Photo taken in:Szaszregen (Reghin)Country name at time of photo:Austria-Hungary, pre 1918Country name today:RomaniaName of the photographer / studio:Cabinet Portrait Caroline
These are my paternal grandparents and their children. The boy on the right is my father, Izsak Izrael Izsak. Next to him is my grandmother, Regina Izsak, nee Simon, and my aunt Terez Izsak. In my grandfather Samuel Izsak's lap that's my uncle Jozsef Izsak, and beside them is my aunt Sari Izsak. The photo was taken in the 1890s in the Cabinet Portrait Caroline photo studio in Szaszregen. My Izsak grandparents lived in Mezoszabad, near Marosvasarhely at the time. I don't know on what occasion they visited Szaszregen.
I don't know exactly when my grandfather was born, but according to the family tree he died in 1914. I was born the next year, in 1915, and they named me after him. He was the judge - now we call it mayor - of Mezoszabad for a year, sometime at the end of the 19th century. I think his family was the only Jewish one there. I don't know whether he was a member of any organization or party. I don't even know whether he had any particular political beliefs.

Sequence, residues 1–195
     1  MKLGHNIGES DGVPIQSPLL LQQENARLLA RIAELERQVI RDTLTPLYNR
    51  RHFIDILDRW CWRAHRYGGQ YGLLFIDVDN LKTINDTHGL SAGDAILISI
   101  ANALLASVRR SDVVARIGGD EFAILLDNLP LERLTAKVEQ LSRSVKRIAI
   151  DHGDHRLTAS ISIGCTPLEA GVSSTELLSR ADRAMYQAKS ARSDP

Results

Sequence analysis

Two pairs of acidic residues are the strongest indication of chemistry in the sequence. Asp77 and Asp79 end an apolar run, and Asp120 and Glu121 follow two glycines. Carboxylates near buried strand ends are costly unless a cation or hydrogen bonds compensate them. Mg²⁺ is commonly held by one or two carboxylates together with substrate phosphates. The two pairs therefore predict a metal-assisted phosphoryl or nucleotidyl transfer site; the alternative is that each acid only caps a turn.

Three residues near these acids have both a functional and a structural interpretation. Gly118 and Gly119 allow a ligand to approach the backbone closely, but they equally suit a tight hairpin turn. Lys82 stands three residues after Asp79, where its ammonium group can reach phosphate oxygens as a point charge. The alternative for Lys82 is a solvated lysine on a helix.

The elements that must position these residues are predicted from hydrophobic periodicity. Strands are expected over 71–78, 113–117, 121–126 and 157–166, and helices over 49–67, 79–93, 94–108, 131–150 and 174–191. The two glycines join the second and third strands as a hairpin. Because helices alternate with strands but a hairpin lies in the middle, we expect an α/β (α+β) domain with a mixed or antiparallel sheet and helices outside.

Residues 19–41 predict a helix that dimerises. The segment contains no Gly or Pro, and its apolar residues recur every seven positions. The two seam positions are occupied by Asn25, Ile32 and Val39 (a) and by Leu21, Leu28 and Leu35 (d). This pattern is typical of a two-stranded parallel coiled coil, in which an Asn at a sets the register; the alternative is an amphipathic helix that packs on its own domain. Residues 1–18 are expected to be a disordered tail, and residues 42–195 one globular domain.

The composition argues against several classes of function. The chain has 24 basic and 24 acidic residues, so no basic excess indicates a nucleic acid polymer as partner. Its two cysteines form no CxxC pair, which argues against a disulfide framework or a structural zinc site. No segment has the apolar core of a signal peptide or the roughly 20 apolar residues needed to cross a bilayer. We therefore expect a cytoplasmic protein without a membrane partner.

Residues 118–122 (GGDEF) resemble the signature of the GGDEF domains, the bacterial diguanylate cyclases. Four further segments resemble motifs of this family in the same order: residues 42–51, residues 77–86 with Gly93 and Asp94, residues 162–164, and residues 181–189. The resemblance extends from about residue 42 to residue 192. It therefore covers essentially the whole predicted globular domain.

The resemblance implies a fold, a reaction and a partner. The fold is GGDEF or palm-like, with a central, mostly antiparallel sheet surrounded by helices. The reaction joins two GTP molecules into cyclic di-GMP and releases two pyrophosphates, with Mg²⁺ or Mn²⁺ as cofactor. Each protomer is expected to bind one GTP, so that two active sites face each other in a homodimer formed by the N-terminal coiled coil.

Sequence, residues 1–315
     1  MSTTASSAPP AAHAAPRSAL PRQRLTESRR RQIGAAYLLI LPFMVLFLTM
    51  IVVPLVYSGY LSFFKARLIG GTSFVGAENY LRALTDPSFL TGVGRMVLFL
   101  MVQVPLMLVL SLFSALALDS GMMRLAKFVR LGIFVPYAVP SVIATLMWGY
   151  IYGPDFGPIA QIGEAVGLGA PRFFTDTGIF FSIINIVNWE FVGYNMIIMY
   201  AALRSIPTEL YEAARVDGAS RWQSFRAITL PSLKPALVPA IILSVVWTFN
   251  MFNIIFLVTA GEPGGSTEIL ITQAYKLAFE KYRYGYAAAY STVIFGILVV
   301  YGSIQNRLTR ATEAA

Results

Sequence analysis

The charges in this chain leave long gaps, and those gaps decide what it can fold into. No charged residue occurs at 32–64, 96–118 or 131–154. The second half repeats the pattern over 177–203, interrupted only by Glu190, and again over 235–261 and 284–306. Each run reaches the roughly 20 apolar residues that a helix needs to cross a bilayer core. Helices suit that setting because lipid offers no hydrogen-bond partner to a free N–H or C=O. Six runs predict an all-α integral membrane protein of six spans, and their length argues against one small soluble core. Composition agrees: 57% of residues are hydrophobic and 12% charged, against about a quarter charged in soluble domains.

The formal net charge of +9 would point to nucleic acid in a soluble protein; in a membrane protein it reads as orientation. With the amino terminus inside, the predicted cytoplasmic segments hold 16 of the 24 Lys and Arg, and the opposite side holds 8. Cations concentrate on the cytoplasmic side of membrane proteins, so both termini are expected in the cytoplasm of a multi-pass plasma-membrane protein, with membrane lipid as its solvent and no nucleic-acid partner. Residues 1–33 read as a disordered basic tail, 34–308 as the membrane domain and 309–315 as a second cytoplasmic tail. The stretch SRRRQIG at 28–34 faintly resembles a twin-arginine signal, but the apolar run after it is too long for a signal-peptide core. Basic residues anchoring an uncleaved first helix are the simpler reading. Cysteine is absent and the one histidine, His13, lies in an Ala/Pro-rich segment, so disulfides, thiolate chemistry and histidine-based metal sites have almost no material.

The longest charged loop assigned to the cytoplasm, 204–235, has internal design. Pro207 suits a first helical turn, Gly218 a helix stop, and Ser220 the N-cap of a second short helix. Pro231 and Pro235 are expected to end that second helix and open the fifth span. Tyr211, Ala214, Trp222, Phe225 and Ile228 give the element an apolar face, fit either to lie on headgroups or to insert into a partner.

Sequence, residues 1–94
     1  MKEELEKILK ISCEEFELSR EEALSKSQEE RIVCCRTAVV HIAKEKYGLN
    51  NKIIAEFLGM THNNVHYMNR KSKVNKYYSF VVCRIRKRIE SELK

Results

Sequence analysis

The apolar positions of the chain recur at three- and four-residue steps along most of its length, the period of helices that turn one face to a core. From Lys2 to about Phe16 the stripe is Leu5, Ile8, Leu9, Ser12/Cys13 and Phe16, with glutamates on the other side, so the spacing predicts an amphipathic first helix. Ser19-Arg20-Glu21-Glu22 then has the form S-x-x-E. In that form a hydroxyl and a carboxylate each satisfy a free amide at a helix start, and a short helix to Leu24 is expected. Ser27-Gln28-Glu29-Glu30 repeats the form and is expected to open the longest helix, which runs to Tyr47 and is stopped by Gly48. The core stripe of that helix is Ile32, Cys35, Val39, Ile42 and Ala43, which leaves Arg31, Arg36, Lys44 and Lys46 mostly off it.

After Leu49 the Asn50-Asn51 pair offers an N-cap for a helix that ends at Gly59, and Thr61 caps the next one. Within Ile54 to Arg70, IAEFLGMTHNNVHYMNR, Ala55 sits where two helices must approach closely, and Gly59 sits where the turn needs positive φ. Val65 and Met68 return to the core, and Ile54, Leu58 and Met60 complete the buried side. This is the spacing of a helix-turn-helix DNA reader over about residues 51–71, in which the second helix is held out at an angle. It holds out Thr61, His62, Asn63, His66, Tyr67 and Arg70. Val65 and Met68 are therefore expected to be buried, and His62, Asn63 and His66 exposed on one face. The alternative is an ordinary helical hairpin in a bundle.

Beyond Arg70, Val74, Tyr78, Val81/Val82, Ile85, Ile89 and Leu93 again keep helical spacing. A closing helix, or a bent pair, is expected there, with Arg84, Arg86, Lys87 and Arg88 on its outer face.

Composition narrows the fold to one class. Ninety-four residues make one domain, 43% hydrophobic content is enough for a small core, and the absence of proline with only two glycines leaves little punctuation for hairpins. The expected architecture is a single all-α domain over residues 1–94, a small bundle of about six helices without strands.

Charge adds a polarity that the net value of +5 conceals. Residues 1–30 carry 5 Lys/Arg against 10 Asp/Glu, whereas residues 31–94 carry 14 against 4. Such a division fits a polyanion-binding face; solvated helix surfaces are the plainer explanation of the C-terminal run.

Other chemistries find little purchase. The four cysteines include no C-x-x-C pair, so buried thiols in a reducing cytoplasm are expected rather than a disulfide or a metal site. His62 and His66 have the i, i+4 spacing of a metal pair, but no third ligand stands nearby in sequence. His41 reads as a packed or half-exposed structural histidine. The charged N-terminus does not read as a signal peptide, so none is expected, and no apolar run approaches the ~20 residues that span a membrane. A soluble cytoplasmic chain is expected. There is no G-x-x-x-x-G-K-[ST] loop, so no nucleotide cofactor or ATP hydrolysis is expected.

My grandmother was born around 1864, but I don't know where. Her mother tongue was Hungarian, and they dressed entirely according to the Central-European fashion of the time. They were beautiful and healthy people. My grandfather had a small beard when he was young. They lived a civilized life and were in trim. At the beginning of the 20th century they moved to Marosvasarhely.
My father was born in Mezoszabad in 1885. I don't think there was a school there, so I presume he either finished his elementary education with a private teacher or in Marosvasarhely. He didn't go to cheder, nor to talmud torah. He finished his higher education in Brasso. He studied at the higher commercial school in Brasso and graduated from there.
Jozsef Izsak was working as a clerk at the kerosene factory. He was an extremely cultivated person, with an exceptional gift for languages. He could speak and write in eight to ten languages. He knew oriental languages: Persian, Turkish and Ivrit. He also knew Romanian, Italian, German and French. He had a very large library. Every time I visited him he gave me some books. He was single, and, as far as I know, he was deported from Kistarcsa [today Hungary] for political reasons. I have no idea exactly what these reasons were. He perished in Auschwitz in 1944.
Aunt Sari Izsak, born in 1887, was a playwright. Several of her pieces were performed in Marosvasarhely. I don't remember any titles, nor the drama company that performed them. I do remember though one play being performed in the auditorium of the community center. My whole family attended it. I was still a child. I only recall that the piece received a burst of applause and my aunt had to take a curtain-call and she was given a basket of flowers. The public expressed its respect that way. Sari never got married.
Terez Izsak was born in 1896. I don't know anything about her, only that she died in Auschwitz.